New peer communities, other TWU resources help with wellbeing
Feb. 3, 2022 — DENTON — While providing mental health resources has always been at the forefront of services offered to TWU students, more alternatives are available than ever before, and new peer communities provide a unique opportunity for students to connect.
According to a BestColleges.com survey, 95% of college students have experienced negative mental health symptoms as a result of COVID-19-related circumstances. Almost half (48%) believe the mental health effects have directly affected their education.
To help mitigate concerns and provide another layer of support and connection, TWU is offering three new peer support communities:
- Maintaining Emotional Health
- Grad Student Parenting Pioneer Support (PEEPS) Community
- New TWU Transfer Student Community
Stephanie Brown, Ph.D., AVP for Student Enrichment, Health and Support, indicated that students struggling with feelings of social isolation, loneliness and a decline in their general sense of emotional wellbeing may benefit from these new peer communities.
“Although counseling is sometimes the most appropriate and necessary source of support for a student, others would be very well served by opportunities to connect, talk and interact with peers,” said Brown. “Opportunities for meaningful dialogue and constructive social engagement can help students reduce and manage stress, decrease isolation and foster a sense of belonging.”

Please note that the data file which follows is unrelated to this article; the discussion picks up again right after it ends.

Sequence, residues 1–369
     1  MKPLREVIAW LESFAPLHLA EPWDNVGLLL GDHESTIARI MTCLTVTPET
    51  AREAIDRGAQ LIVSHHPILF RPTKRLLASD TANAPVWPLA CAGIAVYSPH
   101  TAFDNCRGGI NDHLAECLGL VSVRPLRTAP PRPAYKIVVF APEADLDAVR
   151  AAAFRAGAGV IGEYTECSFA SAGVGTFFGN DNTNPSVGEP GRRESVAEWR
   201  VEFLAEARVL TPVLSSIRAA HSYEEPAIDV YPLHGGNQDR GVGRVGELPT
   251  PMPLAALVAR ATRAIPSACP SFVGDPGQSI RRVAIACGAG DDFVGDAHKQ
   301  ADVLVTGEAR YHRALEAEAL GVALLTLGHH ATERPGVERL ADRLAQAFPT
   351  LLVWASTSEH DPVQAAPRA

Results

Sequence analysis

The new peer communities add to the lineup of recently added options, including:
- Pioneer Pet Therapy Program
- Swipe Out Hunger
- Equine Therapy visits
- TRIBE Black student peer-led support group
- Fit & Rec gaming lounge (opening soon)
- TAO Connect
Students, like Sasa Vann, a third-year counseling and psychology doctoral student and member of TRIBE, said joining a peer group has been connecting and affirming. “Having this space has allowed me to feel safe. It’s also so nice to be able to speak freely and know someone in the room is going to get my little random something. The members of TRIBE see me and validate me not just in stressful experiences but in moments of joy too.”
Brown hopes that more students take advantage of the opportunities to meet with others and make new friends.
“The pandemic has been an emotionally draining and isolating experience. There is no better time for us to encourage our students to cultivate supportive communities and to be intentional about nurturing their collective health and wellbeing,” said Brown.
Page last updated 10:42 AM, February 4, 2022